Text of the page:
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Novell trumpets Linux in the enterprise

Novell is throwing its full weight behind Linux with the aim of driving the technology into the heart of the enterprise datacentre. 

The company revealed its plans at its BrainShare conference in Salt Lake City to change the name and scope of its NetWare OS to include Linux.

The release of NetWare 7 will be moved up by a full year and will contain both the NetWare kernel and SuSE Linux Enterprise Server in one package. The offering will be rechristened Open Enterprise Server and will ship by the end of the year, said Jack Messman, chairman and chief executive officer of Novell. 

The Open Enterprise Server will have a common set of management services, and a common install and delivery mechanism on NetWare and Linux. 

While the company presses forward with Linux, Messman made it clear that Novell is not abandoning the development and support of NetWare. 

"Open Enterprise Server has two components: SuSE Linux and NetWare. We intend to keep those brands for foreseeable future. Netware is going to be here for a long time," Messman said. 

In the past year, Novell assembled a Linux arsenal, acquiring Ximian in August and completing its purchase of SuSE Linux in January. The goal is to make Linux a viable option on enterprise desktops and servers by providing the management, support, and services needed to make the technology palatable to corporate chief information officers, Messman said. 

"With the combination of SuSE Linux, Ximian, and Novell, we are the only vendor who can provide a complete solution on Linux from the desktop to the server. This puts Novell in a unique position to drive Linux from the periphery to the datacenter," Messman said. 

Novell also announced during the keynote that it will release into the open source community both its SuSE Yast management tool and its Novell iFolder storage and filing offering.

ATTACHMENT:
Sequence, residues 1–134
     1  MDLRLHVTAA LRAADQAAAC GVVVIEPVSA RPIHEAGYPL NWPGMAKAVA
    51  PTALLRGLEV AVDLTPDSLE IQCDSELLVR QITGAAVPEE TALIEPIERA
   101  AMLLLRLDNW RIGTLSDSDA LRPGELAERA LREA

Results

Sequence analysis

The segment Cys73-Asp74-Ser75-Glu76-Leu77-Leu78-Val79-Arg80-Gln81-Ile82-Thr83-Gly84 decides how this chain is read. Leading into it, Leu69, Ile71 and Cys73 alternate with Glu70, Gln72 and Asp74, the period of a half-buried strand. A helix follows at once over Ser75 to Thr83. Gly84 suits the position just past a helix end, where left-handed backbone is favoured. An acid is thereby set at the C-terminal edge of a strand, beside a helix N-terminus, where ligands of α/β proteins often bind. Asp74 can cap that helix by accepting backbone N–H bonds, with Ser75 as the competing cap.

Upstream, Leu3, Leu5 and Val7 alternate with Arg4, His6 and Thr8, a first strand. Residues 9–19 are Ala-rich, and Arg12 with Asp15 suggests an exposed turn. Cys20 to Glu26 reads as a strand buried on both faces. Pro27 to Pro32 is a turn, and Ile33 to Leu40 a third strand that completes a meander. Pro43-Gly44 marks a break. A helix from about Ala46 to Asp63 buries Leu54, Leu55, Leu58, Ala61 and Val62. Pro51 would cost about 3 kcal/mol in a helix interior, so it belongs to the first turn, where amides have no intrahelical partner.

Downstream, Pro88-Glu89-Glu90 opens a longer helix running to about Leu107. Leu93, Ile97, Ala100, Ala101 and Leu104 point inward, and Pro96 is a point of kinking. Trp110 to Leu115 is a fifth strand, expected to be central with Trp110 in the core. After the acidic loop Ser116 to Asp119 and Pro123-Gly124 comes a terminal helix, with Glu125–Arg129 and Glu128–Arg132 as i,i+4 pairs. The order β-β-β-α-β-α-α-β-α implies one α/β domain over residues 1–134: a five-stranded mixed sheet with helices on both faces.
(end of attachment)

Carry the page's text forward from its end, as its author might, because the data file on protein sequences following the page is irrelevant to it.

These moves, Messman said, illustrate Novell's deep commitment to the open-source community. "Novell has made a commitment to give more to open source than we take away and we are walking the talk," he said. 

During the keynote, Messman announced that ZenWorks 6.5, available for public beta in mid-April, will include Ximian Red Carpet Enterprise and ZenWorks Patch Management in one suite. 

Novell revealed plans to include Eclipse-based visual tools in future releases of Nsure Identity Manager, offering a point-and-click visual development environment, and combine Nsure and Extend technologies to provide enhanced workflow. 

Although Novell has pushed hard during the past year to become a major force in open source, it is vital that the company does not relinquish its proprietary software development efforts, according to Chris Stone, Novell vice chairman, office of the CEO. 

"The trick is to work on the peaceful coexistence of proprietary and open source. You will see that at work in our development efforts," Stone said. In 2004, much of that development will focus on the Linux desktop, he added. 

Novell plans to combine the SuSE Linux desktop and Ximian desktop into one project, Stone said. The offering will include centralised administration, password management and patch management. The benefits for customers will be more choice, less cost, and increased security. 

Cathleen Moore writes for InfoWorld


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